There are several theories about the origins of American Father’s Day. It is most commonly claimed that in 1910 Mrs. Sonora Smart Dodd of Spokane, Washington created a day to honor her father, who raised her and her five siblings as a single parent. In 1924, President Calvin Coolidge recommended that this day become a national holiday. In 1966 President Lyndon Johnson declared the celebration to be on the third Sunday in June, and in 1972 President Nixon made Father’s Day a national holiday.
CJ is a single dad who attended over 200 YPN Dads Group meetings over a six-year period because he wanted to be the best dad he could be. He almost never missed. During this time, he fought, first for his visitation rights, then for his custody rights, until he won full custody of his infant son. His YPN friends supported him throughout the struggle.
YPN promotes literacy and the important role reading plays for your children in their brain development. CJ took this post to heart, but struggled to read it. So he went to the library and borrowed some children’s books and CDs. Instead of playing the CDs, he memorized them. He then put his son on his lap and “read” to him. This boy is now in college. I’m proud of CJ for his commitment to his kid and being his son’s coolest guy in the world.
YPN was founded as Young Parents Network in 1985 by community leaders who saw the need to support young families. As the organization grew, the need for father-specific programs was identified. Thus, Dads Group was created. It was a unique concept at the time.
YPN dads know that in the eyes of their kids they are “the coolest guy in the whole world” and that their job is to “live up to that expectation”. They know that by being actively involved in the lives of their children, they increase the chances that the child will succeed in school and be less likely to drop out. Paternal involvement also decreases offspring drug use, criminal activity, teenage pregnancy, and suicide.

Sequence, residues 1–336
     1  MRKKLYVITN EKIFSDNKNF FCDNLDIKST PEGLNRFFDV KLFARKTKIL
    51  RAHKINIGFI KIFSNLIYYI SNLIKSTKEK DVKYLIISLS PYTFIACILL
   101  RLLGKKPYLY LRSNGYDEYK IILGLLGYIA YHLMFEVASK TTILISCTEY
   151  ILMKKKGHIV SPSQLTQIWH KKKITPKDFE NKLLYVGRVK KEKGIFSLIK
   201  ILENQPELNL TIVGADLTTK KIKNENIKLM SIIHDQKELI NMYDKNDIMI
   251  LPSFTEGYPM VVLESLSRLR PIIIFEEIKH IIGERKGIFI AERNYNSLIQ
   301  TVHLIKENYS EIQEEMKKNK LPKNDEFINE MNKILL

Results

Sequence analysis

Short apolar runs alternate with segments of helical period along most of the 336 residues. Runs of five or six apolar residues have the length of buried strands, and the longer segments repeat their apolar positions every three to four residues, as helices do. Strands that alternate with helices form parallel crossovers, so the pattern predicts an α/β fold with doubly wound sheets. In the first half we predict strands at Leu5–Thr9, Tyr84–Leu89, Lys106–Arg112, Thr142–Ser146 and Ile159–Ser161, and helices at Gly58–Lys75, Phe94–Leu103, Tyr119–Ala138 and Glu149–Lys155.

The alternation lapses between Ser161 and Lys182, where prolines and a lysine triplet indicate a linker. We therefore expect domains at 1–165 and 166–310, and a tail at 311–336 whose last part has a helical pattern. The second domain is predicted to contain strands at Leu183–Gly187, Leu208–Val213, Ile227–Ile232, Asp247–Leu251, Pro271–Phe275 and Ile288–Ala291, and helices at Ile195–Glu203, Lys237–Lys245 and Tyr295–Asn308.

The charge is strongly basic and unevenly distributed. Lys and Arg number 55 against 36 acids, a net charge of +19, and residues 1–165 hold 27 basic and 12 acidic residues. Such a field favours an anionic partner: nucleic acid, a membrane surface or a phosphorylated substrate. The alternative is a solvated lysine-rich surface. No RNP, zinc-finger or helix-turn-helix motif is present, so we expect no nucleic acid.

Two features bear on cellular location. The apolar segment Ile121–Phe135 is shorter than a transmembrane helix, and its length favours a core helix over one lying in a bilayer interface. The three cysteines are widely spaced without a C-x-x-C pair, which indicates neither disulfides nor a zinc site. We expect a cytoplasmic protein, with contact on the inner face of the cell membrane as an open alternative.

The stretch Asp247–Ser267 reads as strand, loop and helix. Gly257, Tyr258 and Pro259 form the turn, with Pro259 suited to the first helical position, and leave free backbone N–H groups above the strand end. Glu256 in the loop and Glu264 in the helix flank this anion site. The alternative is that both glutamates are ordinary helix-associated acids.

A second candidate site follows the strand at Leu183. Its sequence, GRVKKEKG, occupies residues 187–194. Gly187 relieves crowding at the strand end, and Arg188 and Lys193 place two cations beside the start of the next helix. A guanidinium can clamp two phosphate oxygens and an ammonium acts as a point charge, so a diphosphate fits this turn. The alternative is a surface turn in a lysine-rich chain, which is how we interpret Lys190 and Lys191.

Forty weeks a year, the men come together with the goal of becoming the best fathers possible. They face different challenges. Some, like CJ, are involved in legal battles to spend more time with their children. Others want to know how to handle crying babies or rebellious 3-year-olds. YPN offers them research-based parenting programs such as “24/7 Dad” and “Love and Logic,” but it’s their own interaction with each other that has the greatest impact: “Here’s what I did when my son did that” or “It really helped my daughter.
We discuss topics like literacy, having fun with your kids, household safety, men’s health, discipline, and anything else that might bother a particular dad. They are given a menu of positive parenting behaviors for which they can earn points which can be spent at the YPN We Care store for items like diapers, baby clothes and children’s books.
As a YPN volunteer for over fourteen years, I have witnessed the wonderful work the organization does for so many parents. I am proud and touched by each of them.
Happy Father’s Day.
If you would like to learn more about YPN or know of a father who could benefit from our programming, visit www.ypniowa.org/join or call 319-364-8909.
Jim Brown is a YPN Dads Group host and board member. Brown is a husband, father and grandfather and is the founder of Wrestling for Life, a non-profit organization providing access to wrestling gear, tickets to matches and camp scholarships for student wrestlers. Through his organization, Jim established the Brian Stutzman Community Service Camp Scholarship in honor of longtime YPN Executive Director Brian Stutzman, who passed away in 2018.